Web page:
AI Alignment/EA outreach and translation projects
17Joined Apr 2019



I want humanity not to lose its long-term potential.

📚 In 2018, I launched a project to print HPMOR in Russian and promote it; it became the most funded crowdfunding campaign in Russian history; we printed 21 000 copies. A startup I own gives me enough income to focus on EA projects and, e.g., donated $30k to MIRI. I do outreach projects (e.g., we're organizing a translation of the 80,000 Hours' Key Ideas series) but am considering switching to direct alignment research.

(The effectiveness and the impact aside, I was the head of the Russian Pastafarian Church for a year, which was fun. And I was a political activist, which was fun except for spending time in jail after the protests; now it’s not as fun since the Russian authorities would probably throw me in prison if I return to Russia.)

I’m 22 now. have Israeli citizenship, and currently live in Tel Aviv, but I don’t want to remain there in the long term and would like to find a country and a city in the world to reside in. Also, I’m bi 🏳️‍🌈

How others can help me

Tell me if I should switch from outreach to alignment research despite all the leverage in the first and uncertainties about the second.

Before the war started, we thought we had some outstanding opportunities to promote the EA ideas on a large scale in Russia but were uncertain about strategies (e,g, whether we should do something wide or more targeted, how important is it to share the most up-to-date career advice, etc.); now we have a lot of uncertainty about what opportunities would still exist and of what scale and what new risks could be there.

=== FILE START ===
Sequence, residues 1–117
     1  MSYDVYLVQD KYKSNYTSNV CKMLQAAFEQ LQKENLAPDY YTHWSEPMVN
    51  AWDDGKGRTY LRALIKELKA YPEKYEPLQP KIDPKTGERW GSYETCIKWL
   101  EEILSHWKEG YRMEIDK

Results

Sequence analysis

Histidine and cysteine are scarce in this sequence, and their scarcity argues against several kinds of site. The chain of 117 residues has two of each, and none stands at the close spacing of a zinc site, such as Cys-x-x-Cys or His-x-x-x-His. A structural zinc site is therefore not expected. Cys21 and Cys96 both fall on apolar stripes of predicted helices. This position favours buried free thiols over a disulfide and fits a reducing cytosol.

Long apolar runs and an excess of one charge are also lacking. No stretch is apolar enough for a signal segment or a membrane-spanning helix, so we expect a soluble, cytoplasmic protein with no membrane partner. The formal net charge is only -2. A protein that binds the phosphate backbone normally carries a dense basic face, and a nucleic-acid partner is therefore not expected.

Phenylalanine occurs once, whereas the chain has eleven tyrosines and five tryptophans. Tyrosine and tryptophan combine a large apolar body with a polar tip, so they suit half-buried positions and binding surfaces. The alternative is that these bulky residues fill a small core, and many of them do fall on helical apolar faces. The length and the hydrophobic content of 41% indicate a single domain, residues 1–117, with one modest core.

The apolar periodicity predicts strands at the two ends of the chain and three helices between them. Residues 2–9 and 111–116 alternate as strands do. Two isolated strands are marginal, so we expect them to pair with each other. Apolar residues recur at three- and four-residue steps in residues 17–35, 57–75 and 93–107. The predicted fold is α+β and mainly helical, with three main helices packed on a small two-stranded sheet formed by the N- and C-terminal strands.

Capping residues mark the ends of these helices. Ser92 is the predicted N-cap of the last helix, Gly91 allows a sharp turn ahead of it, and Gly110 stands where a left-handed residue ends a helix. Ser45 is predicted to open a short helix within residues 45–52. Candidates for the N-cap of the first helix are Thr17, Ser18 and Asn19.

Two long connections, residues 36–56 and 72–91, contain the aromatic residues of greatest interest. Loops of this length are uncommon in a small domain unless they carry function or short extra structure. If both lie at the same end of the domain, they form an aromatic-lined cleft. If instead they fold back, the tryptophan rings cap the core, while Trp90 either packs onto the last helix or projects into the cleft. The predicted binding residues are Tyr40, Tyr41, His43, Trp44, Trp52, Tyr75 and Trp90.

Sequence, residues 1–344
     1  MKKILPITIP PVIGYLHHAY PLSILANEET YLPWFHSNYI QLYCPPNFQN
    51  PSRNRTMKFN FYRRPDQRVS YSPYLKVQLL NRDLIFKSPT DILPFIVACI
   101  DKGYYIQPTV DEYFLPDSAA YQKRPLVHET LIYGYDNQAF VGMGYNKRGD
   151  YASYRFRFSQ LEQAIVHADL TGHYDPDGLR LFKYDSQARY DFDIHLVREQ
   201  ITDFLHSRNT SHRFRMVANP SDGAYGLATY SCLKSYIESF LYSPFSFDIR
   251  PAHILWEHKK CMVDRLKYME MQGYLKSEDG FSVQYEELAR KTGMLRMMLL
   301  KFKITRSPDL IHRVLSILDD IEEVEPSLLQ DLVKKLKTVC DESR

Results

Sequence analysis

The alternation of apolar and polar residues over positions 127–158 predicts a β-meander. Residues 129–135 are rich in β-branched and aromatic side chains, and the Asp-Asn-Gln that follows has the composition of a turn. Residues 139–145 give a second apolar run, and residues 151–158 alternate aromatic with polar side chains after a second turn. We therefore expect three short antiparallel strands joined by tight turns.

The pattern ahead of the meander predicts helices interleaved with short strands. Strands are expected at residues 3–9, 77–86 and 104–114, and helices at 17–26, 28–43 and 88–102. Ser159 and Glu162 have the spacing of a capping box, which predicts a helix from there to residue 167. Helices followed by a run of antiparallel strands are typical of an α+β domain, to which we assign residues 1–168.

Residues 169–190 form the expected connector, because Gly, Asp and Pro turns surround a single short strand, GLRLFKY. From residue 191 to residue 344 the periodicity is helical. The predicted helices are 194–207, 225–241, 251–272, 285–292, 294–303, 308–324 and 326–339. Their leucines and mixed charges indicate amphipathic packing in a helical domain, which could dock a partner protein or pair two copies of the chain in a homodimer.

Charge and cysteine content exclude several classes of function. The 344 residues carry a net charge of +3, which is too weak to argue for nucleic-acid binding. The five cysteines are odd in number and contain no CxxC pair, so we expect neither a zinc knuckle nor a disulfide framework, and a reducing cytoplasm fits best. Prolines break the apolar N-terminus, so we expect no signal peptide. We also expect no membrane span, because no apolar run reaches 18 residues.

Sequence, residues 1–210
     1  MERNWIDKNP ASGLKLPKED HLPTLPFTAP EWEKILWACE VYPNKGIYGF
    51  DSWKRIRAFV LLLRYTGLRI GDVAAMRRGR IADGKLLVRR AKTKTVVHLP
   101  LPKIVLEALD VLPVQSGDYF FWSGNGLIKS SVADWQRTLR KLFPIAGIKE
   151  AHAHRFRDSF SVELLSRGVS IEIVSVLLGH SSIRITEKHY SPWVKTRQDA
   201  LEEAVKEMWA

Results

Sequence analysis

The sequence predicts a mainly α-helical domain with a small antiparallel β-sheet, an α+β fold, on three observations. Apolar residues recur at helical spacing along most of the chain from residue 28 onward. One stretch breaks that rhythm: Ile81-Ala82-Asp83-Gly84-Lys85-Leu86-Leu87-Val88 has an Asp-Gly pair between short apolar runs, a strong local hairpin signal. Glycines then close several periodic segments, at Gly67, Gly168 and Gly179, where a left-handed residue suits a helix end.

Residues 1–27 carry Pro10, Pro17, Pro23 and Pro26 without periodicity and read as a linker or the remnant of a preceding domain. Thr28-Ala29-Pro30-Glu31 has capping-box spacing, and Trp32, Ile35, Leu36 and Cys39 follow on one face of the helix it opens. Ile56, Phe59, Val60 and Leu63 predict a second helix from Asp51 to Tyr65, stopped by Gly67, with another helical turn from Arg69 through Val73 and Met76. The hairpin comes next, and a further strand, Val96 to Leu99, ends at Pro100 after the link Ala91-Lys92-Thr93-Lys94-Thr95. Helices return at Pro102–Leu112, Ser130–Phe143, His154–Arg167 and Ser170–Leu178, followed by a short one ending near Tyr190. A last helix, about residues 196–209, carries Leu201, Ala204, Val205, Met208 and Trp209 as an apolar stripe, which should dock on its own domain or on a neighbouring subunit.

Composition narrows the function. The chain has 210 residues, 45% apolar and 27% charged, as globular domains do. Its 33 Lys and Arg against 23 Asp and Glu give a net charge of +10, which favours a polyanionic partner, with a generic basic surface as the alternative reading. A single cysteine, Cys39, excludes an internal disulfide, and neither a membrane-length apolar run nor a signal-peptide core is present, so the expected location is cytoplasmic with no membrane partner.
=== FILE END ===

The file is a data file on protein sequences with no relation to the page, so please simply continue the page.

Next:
Also, please tell me if you know a good country/city to live in.

How I can help others

Talk to me if you're thinking about translating EA content from English to other languages! I can share our technical setup that we’re using to, e.g., translate 80k Hours.

I’m not doing research in the field, but I can answer questions about the AI-related x-risks and pitch you the Alignment problem.

And I can share my experiences with launching the crowdfunding campaign to print HPMOR in Russian (which became the most funded crowdfunding campaign in the history of the country) and with community-building and EA/AI Safety outreach in Russia.


Saving lives near the precipice: we're doing it wrong?

It is quite likely that you're right! I think it's just something that should be explicitly thought about, it seems like an uncertainty that wasn't really noticed. If x-risk is in the next few decades, some of the money currently directed to the interventions fighting deaths and suffering might be allocated to charities that do it better.

Saving lives near the precipice: we're doing it wrong?


I didn't consider the spending speed here. It highlights another important part of the analysis one should make when considering neartermist donations conditional on the short timelines. Dependent on humanity solving alignment, you not only want to spend the money before a superintelligence appears but also might maximize the impact by, e.g., delaying deaths until then

Neartermists should consider AGI timelines in their spending decisions

Thanks for writing this!